The Seven Best Tips Against Sleep Sisorders

Some nights sleep just doesn’t want to come. You toss and turn in bed, and in the morning you feel like you’ve been in best beds for side sleepers or tossed around.

These tips will help to prevent such sleep disorders from becoming the norm and help you get back to a healthy sleep.

Sleep is important for our health and well-being. During this rest period our body regenerates and our brain can process the impressions of the day in peace.

The rhythm of our metabolism and many hormones, which is determined by sleep and waking hours, also helps to strengthen the immune system and protect us against illness.

A permanent lack of sleep can weaken the immune system
But unfortunately, it doesn’t always work with sufficient sleep. Some people have trouble falling asleep, others wake up again and again at night and then lie awake for hours.

Still others don’t notice anything at night, but still feel limp in the morning. Unfortunately, neither counting sheep nor the good old hot milk with honey can help.

And the consequences are considerable: “Lack of sleep of any kind leads to exhaustion and impairs concentration,” explains Johanna Stranzinger from the Employers’ Liability Insurance Association for Health Service and Welfare Work (BGW).

“People who are tired make mistakes more quickly and have a higher risk of accidents. In the long term, a lack of deep sleep also weakens the immune system”.

Stress and shift work are sleep killers

The causes of sleep disorders often lie in our everyday life: a typical sleep killer is stress. Problems at work or in the family occupy us so much that our thoughts keep circling around them even when we fall asleep.

As a result, we are so tense that we simply do not sleep. But also wrong nutrition, noise and light or an unnatural daily rhythm can cause sleep disorders.

“We know sleep problems, for example, from employees working in shifts,” reports the expert. Those who work at night do so against the natural rhythm of our inner clock.

As a result, the rhythm of the body’s own sleep hormone melatonin also gets out of step. Normally our body pours it out in the evening when it gets dark, and this helps us feel tired and ready to sleep. If our daily rhythm is disturbed, we lack this fatigue-maker.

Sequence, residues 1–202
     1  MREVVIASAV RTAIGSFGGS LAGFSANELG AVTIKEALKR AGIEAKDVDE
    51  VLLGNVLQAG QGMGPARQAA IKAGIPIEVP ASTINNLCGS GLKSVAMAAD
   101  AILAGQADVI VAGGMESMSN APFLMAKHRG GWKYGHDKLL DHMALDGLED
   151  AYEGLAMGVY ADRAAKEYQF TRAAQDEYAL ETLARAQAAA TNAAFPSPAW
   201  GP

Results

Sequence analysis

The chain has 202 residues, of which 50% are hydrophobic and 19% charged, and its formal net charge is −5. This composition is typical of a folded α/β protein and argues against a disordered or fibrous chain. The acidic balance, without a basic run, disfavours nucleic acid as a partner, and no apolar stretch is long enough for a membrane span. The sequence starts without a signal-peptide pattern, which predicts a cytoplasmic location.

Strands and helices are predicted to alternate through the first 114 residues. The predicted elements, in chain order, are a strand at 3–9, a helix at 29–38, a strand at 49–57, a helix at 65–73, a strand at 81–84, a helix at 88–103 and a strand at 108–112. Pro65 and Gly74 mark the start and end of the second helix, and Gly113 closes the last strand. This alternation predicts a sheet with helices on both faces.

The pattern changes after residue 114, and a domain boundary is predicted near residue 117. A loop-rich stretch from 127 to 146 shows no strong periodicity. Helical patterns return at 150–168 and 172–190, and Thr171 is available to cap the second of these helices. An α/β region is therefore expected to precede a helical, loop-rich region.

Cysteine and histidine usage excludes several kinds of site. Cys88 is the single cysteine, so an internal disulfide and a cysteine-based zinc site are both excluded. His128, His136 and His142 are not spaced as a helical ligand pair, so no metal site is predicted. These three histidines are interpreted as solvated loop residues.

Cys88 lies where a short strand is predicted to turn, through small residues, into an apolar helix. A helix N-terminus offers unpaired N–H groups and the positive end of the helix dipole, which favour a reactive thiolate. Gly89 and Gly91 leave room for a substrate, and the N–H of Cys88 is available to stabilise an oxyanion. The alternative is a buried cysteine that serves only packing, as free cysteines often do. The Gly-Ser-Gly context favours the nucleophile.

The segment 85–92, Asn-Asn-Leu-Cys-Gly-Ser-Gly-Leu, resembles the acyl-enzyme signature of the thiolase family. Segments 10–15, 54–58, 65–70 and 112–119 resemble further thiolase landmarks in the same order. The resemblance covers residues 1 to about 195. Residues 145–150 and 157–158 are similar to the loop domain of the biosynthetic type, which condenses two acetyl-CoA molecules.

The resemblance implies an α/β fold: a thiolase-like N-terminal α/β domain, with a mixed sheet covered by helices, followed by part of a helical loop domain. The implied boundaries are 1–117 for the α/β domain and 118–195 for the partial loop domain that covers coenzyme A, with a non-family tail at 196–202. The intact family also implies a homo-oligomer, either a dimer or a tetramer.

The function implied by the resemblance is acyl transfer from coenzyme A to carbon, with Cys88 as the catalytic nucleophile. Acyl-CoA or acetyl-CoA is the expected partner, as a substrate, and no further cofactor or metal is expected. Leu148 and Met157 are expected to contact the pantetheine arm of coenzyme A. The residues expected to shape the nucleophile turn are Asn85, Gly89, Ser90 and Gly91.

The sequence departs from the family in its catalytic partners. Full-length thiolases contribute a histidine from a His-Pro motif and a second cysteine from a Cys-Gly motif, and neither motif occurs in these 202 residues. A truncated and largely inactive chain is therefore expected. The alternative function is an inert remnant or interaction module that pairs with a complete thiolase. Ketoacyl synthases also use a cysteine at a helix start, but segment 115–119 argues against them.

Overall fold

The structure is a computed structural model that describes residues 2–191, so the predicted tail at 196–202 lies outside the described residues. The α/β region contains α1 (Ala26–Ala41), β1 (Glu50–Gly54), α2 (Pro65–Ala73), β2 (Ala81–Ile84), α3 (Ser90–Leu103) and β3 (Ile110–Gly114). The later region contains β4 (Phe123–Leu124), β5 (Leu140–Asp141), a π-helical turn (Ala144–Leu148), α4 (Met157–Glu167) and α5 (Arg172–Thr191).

What helps against sleep disorders?

So what to do? “Those who suffer from sleep disorders should first check their personal habits and inner attitude,” advises Stranzinger. “Often even small changes in everyday life can help.” Experts also refer to these rules of conduct as “sleep hygiene”.

If you have to work night shifts, there is not much you can do to change your work rhythm. However, even then, there are still some measures that can be taken to promote sleep.

Seven tips for a restful sleep:

  • During the day, you should be as active as possible and get plenty of exercise – but with enough time to get to bed.
  • Avoid stimulating drinks, alcohol and heavy foods several hours before you plan to go to sleep
  • It can also be helpful to find a personal relaxation ritual: For example, read before falling asleep or listen to quiet music
  • Darken the bedroom, keep it cool and shield it from noise if possible.
  • Notebook or tablet in bed are taboo! Their bluish light disturbs our inner clock and can make it difficult to fall asleep. Watching television in bed is also not recommended for sleep disorders.
  • Try to find a regular sleep-wake rhythm, go to bed halfway at the same time every day so that the body can adjust to it.
  • Do not drive yourself crazy if you wake up briefly at night – and do not look at the clock! Small waking phases are part of healthy sleep.

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